Raymond James and Robert W. Baird Are Charged With Compliance FailuresThe Securities and Exchange Commission said that Robert W. Baird and Co. and Raymond James & Associates (RJF) will pay $250K and $600K, respectively, to settle charges accusing them of compliance failures in their own wrap free programs. Both firms resolved the charges without admitting or denying to them. They did, however, consent to the regulator’s orders, which found that they violated the Investment Advisers Act of 1940 and Rule 206(4)-7.According to the SEC’s investigation, Raymond James and Robert W. Baird did not put into place the necessary policies and proceeds that would have allowed them to figure out how much in commissions their clients were charged whenever sub-advisers “traded away” with a brokerage firm that was not part of the wrap fee programs. As a result, said the regulator, the advisers could not let clients know the “magnitude of the costs” nor did the firm consider these commissions when trying to figure out whether the wrap fee program or sub-advisers were appropriate for clients. Because of this, claims the SEC, some clients did not know that they were paying for more than the single wrap fee for investments that were bundled.Two ARCP Ex-Accounting Executives Face SEC and Criminal Charges For Allegedly Inflating the REIT’s PerformanceBrian S. Block and Lisa P. McAlister are facing criminal and civil charges for allegedly overstating the performance of the American Reality Capital Properties (ARCP), now called VEREIT Inc. The two former ARCP accounting executives are accused of inflating a key metric that investors and analysts used to evaluate the publicly-traded real estate investment trust.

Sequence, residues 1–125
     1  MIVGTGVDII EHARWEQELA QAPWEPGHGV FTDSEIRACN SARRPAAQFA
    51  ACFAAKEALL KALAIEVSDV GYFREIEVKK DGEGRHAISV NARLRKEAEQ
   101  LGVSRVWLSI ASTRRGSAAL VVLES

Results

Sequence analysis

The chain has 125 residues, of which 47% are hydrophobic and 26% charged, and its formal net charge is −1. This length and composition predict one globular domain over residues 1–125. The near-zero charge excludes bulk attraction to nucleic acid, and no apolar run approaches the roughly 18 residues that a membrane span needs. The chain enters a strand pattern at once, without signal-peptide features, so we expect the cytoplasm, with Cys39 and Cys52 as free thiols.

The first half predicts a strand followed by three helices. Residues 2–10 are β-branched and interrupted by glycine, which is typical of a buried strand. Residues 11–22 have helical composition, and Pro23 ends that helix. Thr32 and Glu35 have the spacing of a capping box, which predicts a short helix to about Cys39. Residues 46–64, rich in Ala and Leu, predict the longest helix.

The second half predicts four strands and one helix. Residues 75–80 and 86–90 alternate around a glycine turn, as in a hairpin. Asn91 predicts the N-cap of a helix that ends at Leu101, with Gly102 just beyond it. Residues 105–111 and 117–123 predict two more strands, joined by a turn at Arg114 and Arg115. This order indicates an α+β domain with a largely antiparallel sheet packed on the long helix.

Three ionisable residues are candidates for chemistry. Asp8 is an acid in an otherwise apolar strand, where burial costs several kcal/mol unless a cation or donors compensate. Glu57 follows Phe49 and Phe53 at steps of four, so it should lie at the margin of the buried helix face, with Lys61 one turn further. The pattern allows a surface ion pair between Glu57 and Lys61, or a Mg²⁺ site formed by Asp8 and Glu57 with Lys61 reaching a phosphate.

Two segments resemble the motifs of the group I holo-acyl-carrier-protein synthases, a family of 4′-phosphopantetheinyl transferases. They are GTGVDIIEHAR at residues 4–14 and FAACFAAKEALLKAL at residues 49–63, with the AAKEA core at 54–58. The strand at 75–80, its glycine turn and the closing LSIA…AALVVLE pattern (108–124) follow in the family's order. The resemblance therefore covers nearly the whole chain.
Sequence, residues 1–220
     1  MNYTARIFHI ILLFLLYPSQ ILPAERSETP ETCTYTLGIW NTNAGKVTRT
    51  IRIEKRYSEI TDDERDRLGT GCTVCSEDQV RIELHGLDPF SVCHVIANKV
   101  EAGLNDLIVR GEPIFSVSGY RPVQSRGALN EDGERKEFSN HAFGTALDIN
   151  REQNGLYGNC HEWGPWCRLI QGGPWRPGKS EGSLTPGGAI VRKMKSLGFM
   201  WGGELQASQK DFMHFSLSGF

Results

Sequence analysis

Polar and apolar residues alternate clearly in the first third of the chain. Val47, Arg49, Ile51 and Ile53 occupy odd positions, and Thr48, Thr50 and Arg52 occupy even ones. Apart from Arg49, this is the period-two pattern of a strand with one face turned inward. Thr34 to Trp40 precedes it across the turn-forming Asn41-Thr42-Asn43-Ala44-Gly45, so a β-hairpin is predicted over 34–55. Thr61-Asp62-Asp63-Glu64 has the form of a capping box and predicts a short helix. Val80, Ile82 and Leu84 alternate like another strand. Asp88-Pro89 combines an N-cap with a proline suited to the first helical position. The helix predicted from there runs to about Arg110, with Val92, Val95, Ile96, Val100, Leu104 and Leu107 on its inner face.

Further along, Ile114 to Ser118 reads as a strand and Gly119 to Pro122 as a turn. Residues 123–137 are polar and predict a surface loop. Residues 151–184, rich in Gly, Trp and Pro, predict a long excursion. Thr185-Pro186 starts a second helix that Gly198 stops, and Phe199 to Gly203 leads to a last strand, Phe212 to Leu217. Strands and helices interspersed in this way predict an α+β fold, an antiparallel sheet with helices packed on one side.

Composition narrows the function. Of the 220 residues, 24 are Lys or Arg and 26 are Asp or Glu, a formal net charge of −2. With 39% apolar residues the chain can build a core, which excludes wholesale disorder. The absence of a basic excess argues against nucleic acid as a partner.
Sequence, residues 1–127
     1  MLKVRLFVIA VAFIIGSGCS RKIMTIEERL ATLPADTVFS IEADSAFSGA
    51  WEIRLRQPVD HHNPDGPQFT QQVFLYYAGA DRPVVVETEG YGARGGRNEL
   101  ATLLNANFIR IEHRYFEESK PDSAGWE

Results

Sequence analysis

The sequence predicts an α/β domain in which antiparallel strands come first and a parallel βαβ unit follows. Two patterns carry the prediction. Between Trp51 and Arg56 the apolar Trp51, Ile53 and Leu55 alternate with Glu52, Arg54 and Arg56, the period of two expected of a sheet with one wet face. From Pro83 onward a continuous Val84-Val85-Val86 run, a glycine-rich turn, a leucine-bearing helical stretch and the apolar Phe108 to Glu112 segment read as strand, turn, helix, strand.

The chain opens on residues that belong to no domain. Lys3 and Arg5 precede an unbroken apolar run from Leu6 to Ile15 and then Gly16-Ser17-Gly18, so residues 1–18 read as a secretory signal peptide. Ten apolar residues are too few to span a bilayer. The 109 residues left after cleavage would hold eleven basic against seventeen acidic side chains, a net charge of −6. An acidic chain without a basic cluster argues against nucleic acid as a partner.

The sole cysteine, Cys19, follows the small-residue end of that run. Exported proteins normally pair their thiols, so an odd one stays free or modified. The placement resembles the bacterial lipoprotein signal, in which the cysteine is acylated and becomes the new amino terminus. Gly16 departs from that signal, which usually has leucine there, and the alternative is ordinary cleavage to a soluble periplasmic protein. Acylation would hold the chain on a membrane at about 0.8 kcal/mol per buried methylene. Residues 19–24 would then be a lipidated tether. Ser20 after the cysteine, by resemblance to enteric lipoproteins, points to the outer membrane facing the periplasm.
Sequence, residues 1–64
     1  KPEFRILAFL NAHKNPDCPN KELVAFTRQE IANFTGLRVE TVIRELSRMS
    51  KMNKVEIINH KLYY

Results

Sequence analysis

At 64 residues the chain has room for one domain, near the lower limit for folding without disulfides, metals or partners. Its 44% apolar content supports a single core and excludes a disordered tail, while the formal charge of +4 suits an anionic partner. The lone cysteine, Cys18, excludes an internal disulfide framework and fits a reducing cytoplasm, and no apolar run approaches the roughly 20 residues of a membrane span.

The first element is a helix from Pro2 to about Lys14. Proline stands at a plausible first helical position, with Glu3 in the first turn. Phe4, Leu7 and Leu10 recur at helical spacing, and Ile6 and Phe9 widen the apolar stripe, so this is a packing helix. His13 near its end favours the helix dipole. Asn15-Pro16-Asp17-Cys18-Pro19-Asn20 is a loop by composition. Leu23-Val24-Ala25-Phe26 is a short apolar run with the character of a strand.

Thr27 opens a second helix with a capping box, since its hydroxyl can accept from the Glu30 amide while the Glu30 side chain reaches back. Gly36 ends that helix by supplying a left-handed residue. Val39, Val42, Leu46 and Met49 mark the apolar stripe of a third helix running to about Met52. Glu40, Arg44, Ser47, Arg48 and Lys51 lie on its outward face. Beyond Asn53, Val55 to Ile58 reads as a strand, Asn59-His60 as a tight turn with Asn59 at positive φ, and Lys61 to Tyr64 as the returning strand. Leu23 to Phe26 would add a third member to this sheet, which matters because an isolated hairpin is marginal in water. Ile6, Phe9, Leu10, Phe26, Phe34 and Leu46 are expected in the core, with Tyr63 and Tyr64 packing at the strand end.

Secretary of the Commonwealth of Massachusetts William Galvin is ordering seven brokerage firms to pay $238K in fines for their involvement in the proxy fraud committed by Realty Capital Securities. The broker-dealers are: